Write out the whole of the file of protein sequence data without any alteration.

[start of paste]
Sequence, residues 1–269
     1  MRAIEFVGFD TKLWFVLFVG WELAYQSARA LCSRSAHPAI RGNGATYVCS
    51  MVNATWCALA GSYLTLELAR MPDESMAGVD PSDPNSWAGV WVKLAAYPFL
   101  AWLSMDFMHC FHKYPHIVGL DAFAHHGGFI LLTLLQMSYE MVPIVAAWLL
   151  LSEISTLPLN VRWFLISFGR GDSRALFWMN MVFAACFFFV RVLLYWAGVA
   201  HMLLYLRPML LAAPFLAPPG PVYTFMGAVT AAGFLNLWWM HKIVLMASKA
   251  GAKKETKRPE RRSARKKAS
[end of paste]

Sequence, residues 1–269
     1  MRAIEFVGFD TKLWFVLFVG WELAYQSARA LCSRSAHPAI RGNGATYVCS
    51  MVNATWCALA GSYLTLELAR MPDESMAGVD PSDPNSWAGV WVKLAAYPFL
   101  AWLSMDFMHC FHKYPHIVGL DAFAHHGGFI LLTLLQMSYE MVPIVAAWLL
   151  LSEISTLPLN VRWFLISFGR GDSRALFWMN MVFAACFFFV RVLLYWAGVA
   201  HMLLYLRPML LAAPFLAPPG PVYTFMGAVT AAGFLNLWWM HKIVLMASKA
   251  GAKKETKRPE RRSARKKAS